Before alt-country, though, there was Laurel Canyon country–that laid-back, California-born style that was as indebted to sunny vibes, highway driving, and beach surf as the high desert. Rob Nance‘s Signal Fires is a perfect example of the warm, relaxed style. (Dawes is also plying a version of the sound recently, although All Your Favorite Bands has a significantly more somber vibe than Nance’s latest.) Just because you can turn it on and chill out doesn’t mean that the songwriting is lazy or slacker-y; on the contrary, Nance’s songwriting here is tight and clear. With acoustic-laden recordings this transparent, every mistake would have shown up–no fuzzed-out, heavy-reverb guitar to hide the faults.
No, Signal Fires is the work of a musician paying deep attention to his craft. Just check out opener “No Gold” for an example: there are few better examples of sun-dappled country that I’ve heard. Elsewhere Nance focuses more on his husky low-tenor voice than sprawling song structures; “Landslide Town” and the title track are just as good for the choice. Nance pays homage to his forebears with the traditional country tune “On My Way,” and it fits nicely between the jazzy “Shelter” and the more upbeat “Dear Shadow.” Signal Fires is an album that can keep you company on no-deadlines journeys and lackadaisical afternoons–it’s an impeccably written and recorded album that succeeds in sounding like it wasn’t that much work at all.
I’m always listening to music. I listen to so much music that I have two strands of listening going at any one time–the stuff I’m reviewing and the stuff I’m listening to for fun. It’s been this way since I was in high school: I once spent six months listening to nothing but CAKE in my spare time. (It’s a good thing I have two arms of this project.) In short, my love for CAKE is deep and abiding. If you’ve read this blog recently, you know that my love for alt-country is just as deep (although categorically not as abiding, as it hasn’t been around for a decade yet.) So if there’s a band that combines CAKE and alt-country, it’s a sure bet that I’m going to be all over that.
Embleton‘s It Did Me Well does just that, including a re-contextualized cover* of “Sad Songs and Waltzes” amid a set of tight, lush, upbeat alt-country songs reminiscent of Dawes and Ryan Adams. The nine songs here form a cohesive whole that shows refined songwriting and arranging skills on the part of bandleader Kevin Embleton.
The opening quartet of tunes says a lot about the record: Opener and title track “It Did Me Well” introduces a crunchy electric guitar riff before settling down into an easy-going acoustic strum. That pattern is soon filled out by wavering pedal steel, distant drums, and Embleton’s impassioned high baritone/low tenor voice. It’s a walking-speed jam that instrumentally reminds me of the Jayhawks and vocally calls up comparisons to the controlled drama of Dawes’ Taylor Goldsmith. “You’re Not Ready” introduces a harmonica to the mix, taking a lighter tack than the electrified previous tune. Embleton goes for the pop melody in the chorus, showing off some chops there.
The third track is that CAKE cover. Sonically, it’s not that much different than the original, but it’s pulled from its ironic context (CAKE is not an alt-country band) and placed into an earnest one. Surrounded by other country tunes, it takes on a poignant air that was hard to find in the midst of the irony-laced original. It’s a very clever move on Embleton’s part. The fourth track is lead single “Leaving for Good” (IC premiered it), which slots the pedal steel in the lead spot and creates a gentle tune around that keening, mournful sound. The drums still give the song pep and punch, but the emotional qualities of the lyrics and vocals come front and center. It shows off a different angle of the Embleton sound.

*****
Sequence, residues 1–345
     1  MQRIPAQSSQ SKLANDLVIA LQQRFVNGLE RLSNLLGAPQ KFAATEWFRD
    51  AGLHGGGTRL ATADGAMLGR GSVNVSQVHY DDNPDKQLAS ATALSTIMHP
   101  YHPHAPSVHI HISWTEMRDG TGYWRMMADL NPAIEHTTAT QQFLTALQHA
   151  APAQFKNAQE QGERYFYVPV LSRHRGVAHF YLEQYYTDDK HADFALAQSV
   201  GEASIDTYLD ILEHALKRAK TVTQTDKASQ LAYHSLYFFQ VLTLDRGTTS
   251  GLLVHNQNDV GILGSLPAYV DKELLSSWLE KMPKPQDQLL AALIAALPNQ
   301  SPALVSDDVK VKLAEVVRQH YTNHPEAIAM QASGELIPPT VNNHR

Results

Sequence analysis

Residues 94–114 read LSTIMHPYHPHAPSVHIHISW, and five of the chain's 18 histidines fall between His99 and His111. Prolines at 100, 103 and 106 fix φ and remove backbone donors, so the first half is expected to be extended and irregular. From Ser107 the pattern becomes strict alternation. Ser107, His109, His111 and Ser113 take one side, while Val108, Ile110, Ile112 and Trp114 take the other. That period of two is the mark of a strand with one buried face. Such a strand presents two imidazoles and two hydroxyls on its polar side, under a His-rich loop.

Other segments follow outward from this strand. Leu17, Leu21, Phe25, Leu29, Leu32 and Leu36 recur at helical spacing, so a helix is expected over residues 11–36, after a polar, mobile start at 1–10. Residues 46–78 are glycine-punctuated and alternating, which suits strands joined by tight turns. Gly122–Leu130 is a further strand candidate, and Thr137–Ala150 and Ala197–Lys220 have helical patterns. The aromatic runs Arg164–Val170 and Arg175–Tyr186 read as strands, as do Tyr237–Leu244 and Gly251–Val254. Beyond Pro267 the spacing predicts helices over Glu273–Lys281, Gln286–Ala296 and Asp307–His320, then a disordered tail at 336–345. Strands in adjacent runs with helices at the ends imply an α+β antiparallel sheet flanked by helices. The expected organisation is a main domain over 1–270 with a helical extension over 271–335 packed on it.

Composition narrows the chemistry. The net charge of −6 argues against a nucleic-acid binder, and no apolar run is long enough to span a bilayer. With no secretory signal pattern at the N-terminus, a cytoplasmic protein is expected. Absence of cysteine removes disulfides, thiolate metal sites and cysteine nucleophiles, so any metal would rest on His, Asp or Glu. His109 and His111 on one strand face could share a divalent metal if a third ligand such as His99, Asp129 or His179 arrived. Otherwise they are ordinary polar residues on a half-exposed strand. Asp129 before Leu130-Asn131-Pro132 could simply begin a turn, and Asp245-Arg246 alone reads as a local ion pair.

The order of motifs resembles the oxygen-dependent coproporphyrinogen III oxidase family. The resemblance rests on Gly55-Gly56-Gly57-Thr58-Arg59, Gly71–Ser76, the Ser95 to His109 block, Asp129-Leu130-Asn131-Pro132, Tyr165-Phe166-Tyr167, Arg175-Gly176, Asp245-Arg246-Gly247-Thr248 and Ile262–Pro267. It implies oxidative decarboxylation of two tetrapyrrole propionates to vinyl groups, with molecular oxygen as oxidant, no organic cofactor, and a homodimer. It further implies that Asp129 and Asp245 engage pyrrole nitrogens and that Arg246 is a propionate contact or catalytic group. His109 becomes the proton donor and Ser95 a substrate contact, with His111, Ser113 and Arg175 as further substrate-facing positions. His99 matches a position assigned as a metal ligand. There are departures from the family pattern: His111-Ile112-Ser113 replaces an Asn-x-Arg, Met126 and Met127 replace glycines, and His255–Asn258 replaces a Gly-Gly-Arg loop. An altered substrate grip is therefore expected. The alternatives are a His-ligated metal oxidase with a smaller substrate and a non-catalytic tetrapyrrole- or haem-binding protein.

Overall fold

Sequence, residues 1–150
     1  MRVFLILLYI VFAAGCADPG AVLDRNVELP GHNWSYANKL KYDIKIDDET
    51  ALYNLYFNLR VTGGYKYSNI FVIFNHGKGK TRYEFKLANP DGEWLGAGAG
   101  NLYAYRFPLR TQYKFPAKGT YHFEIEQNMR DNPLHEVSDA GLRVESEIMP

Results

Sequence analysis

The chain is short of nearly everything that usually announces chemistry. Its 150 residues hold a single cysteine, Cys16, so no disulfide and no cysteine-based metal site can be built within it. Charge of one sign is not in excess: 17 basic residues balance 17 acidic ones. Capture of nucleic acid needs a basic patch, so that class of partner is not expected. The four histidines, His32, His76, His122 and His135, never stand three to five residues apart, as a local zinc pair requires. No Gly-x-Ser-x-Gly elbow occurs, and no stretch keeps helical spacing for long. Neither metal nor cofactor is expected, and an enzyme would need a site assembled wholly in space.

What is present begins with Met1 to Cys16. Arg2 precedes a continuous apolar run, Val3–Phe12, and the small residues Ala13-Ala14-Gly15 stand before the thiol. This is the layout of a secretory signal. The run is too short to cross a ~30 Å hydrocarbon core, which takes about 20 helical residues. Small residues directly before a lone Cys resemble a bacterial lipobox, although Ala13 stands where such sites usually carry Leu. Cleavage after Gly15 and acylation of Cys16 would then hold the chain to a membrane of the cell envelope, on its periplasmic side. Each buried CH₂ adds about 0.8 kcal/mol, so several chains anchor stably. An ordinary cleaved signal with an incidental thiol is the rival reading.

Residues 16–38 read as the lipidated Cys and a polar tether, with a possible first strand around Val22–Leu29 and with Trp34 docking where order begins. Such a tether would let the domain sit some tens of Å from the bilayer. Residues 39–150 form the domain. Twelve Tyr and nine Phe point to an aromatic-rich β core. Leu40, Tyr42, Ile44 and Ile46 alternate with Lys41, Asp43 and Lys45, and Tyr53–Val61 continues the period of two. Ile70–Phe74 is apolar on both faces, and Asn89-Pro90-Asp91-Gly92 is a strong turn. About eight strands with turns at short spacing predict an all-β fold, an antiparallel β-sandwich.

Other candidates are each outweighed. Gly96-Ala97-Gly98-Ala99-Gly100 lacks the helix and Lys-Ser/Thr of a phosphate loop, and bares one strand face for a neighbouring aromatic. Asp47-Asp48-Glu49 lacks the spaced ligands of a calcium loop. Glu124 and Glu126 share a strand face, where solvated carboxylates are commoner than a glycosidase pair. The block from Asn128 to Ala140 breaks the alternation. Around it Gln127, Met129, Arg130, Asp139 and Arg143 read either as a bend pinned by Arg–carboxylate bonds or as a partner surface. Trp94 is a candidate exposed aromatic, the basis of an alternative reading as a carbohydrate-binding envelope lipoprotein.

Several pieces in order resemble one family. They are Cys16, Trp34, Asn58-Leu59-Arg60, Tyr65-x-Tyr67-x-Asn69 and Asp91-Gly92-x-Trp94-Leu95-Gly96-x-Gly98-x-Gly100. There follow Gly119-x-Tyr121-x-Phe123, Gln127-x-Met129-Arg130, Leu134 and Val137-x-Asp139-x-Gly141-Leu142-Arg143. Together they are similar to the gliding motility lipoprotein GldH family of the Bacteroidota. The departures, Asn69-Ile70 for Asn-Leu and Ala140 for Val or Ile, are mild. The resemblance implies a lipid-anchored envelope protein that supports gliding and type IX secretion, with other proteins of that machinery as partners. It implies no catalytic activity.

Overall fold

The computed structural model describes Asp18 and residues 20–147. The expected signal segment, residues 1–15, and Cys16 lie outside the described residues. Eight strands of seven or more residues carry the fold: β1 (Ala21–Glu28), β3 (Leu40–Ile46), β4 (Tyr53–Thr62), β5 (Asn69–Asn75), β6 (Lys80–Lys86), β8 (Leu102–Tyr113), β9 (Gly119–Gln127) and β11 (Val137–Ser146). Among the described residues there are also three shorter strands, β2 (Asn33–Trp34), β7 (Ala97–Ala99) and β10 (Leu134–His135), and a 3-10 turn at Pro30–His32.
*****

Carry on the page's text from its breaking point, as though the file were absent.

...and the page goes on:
The rest of the album continues to develop the balance between crunchy riffs (“Punches”) and gentle arrangements (“Her Name Was Grace”) while displaying an emotional quality through the vocal lines and the melodies (“Only Begun,” “Mountain Time”). Fans of harder edges on their alt-country (Drive-by Truckers, et al) might find that not to their liking, but fans of Dawes’ ruminations on life and love will love it. If you’re into the past or present Laurel Canyon sound, you’ll be all up in this. It Did Me Well drops March 10–you can pre-order it at Embleton’s site.
*Post-publication, I was informed that “Sad Songs and Waltzes” is originally a Willie Nelson tune, which means that Embleton re-re-contextualized it. As I only knew about the CAKE version when I wrote the review, I’m leaving the text the same. Sorry, Willie. Sorry, Trigger.
1. “New World” – Grammar. What if the Postal Service had been thought up by a woman instead of a man? Here’s a loose, flexible, smooth take on electro-pop that made me ponder the question.
2. “Gum Wrapper Rings” – Kind Cousin. I love to hear sentimental-yet-complex songwriting, and Kind Cousin delivers. Fans of Laura Stevenson will rejoice in the amalgam of wistful indie-rock guitars, ’50s girl pop vocals, and noisy drumming.
3. “Hold On Tight” – Ed Prosek. Radio-friendly, catchy folk-pop that’s a cross between Ed Sheeran and Phillip Phillips. Yes, that’s a pretty strong litmus test, I know. But it’s true.
4. “White Pine Way” – More than Skies. This impressive track falls somewhere between noisy punk/emo and slicker indie-rock bands like Interpol and Silversun Pickups. Lots of great melodies, but without hitting you over the head with them. Great work here.
5. “Black River” – Wild Leaves. Lush harmonies and ’70s-style production make Laurel Canyon the spiritual home of this track. Fleetwood Mac can come too.
6. “Tulsa Springs” – White White Wolf. Here’s an ominous, mysterious, rugged cabin-folk tune that’s high on atmosphere. (Also, +1 for anything with the name of my hometown in it.)
7. “Ne Brini Za Mene” – Neverdays. The Serbian response to Jason Molina, complete with mournful cello.
8. “Even I” – Grant Valdes. Valdes found a trove of hymns written by Haden Laas (1899-1918), an American soldier in WWI. They didn’t have scores, just words–so Valdes is setting each of the 44 hymns to music. This initial offering is a plaintive, yearning, piano-led tune. I’m super-excited to see where this goes.
Stephen Carradini and Lisa Whealy write reviews of instrumental, folk, and singer/songwriter music. We write about those trying to make the next step in their careers and established artists.